• CommentTimeMar 11th 2018
     
    are you suggesting wood fibre IWI, cavity with 70mm EPS beads and then 60mm (eps?) EWI on the outer cavity?
    just trying to understand what you are saying because if that is what you are suggesting it don't make sense to me!
    • CommentAuthordelprado
    • CommentTimeMar 11th 2018
     
    not sure what is on the outside yet, but one option is a wet render which has eps in it, made by Baumit, called dp85, but yes my proposal is to have the build up you describe. The stuff in the cavity is already there
    • CommentAuthorjfb
    • CommentTimeMar 11th 2018
     
    Surely save yourself a lot of time/ money and just go for ewi
    • CommentAuthorgyrogear
    • CommentTimeMar 11th 2018 edited
     
    In renovations, IWI can = big-time disruption and also reduces your livable area.

    Not to mention negating potential effects of thermal mass...

    gg
    • CommentAuthordelprado
    • CommentTimeMar 11th 2018
     
    On masonry construction though using iwi is an easy way to get an airtight area - you wet parge behind it and chase into the insulation (in my case wood fibre), without worrying about penetrating air tight layer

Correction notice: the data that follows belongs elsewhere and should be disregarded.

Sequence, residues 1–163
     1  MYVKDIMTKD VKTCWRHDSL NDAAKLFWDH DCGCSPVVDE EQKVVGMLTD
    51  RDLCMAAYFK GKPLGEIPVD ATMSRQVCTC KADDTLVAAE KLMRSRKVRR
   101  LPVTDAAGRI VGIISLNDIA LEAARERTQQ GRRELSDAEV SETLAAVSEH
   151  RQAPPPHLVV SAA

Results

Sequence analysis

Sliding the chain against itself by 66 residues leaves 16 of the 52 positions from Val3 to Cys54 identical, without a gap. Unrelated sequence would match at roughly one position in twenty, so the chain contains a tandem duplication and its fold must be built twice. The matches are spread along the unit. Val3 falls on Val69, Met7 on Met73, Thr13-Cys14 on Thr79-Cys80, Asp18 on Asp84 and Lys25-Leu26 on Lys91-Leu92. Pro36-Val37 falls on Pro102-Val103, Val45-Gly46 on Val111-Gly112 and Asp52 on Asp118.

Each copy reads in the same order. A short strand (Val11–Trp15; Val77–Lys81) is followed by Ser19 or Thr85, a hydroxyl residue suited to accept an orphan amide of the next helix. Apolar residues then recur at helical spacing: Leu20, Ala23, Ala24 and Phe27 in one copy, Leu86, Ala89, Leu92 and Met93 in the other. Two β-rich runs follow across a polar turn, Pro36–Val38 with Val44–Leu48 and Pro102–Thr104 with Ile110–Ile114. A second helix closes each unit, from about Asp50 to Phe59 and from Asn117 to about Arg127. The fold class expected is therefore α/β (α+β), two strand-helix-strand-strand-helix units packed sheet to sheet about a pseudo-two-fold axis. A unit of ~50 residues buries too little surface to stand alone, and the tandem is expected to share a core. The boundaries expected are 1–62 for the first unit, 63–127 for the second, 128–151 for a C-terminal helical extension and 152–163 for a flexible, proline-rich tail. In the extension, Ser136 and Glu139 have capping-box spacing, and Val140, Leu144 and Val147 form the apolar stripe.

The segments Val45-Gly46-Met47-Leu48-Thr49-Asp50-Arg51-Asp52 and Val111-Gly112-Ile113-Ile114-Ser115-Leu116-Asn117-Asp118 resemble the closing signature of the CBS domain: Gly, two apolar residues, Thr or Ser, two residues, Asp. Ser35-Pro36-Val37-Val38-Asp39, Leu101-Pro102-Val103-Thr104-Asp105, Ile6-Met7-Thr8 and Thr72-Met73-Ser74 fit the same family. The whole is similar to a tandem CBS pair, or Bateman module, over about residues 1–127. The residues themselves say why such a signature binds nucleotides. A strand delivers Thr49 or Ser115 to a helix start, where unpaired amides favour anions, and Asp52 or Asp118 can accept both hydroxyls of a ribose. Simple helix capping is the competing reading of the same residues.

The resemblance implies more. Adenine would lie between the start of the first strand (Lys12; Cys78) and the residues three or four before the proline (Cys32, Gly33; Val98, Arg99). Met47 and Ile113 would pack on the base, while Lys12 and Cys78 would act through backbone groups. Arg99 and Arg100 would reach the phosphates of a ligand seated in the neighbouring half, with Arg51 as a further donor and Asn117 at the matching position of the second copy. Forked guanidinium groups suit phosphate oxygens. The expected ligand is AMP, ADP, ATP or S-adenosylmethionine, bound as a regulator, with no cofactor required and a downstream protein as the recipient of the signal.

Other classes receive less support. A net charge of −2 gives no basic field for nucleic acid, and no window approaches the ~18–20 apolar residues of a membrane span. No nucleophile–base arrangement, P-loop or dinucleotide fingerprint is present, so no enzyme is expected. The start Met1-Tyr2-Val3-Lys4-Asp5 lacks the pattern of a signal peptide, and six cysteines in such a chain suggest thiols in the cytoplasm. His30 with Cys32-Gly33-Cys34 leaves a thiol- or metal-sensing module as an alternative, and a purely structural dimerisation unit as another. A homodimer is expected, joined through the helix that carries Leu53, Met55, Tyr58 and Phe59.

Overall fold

How does it negate potential effects of thermal mass?
  2.  
    Chase what into the insulation? Wiring? I'd rather not chase into it. It is in the less effective range of insulants anyway (but good to use for other reasons), so I'd rather not diminish it. You could either batten and pl'bd and use a service void, or surface mount. But maybe I am being too picky!

    ''How does it negate potential effects of thermal mass?''

    It isolates it, though it does have better decrement delay than Pu, for example.
    • CommentAuthordelprado
    • CommentTimeMar 11th 2018
     
    My proposed 80mm board internally would have a 20mm chase into it, from the ground, thats not very much.
    •  
      CommentAuthordjh
    • CommentTimeMar 11th 2018 edited
     
    Posted By: delpradoDoes anyone know that presumably that thermal bridge effect through foundations is less on internal walls than it in on the external ones?

    Yes, it's less but it's still a thermal bridge.
    •  
      CommentAuthordjh
    • CommentTimeMar 11th 2018
     
    Posted By: delpradoOn masonry construction though using iwi is an easy way to get an airtight area - you wet parge behind it and chase into the insulation (in my case wood fibre), without worrying about penetrating air tight layer

    No, that's a very good way to build in a condensation and mould problem. What you probably meant to say was that in your case where you have CWI outboard of the inner wythe and perhaps some EWI outboard of the outer wythe then it's OK. But it's best to be explicit about what you mean if you want sensible responses.
    • CommentAuthordelprado
    • CommentTimeMar 11th 2018
     
    djh, why do you say that? IWI has been used in thousands of properties using the woodfibre systems (the ones I know most about) for 30 years, without issue in the way described?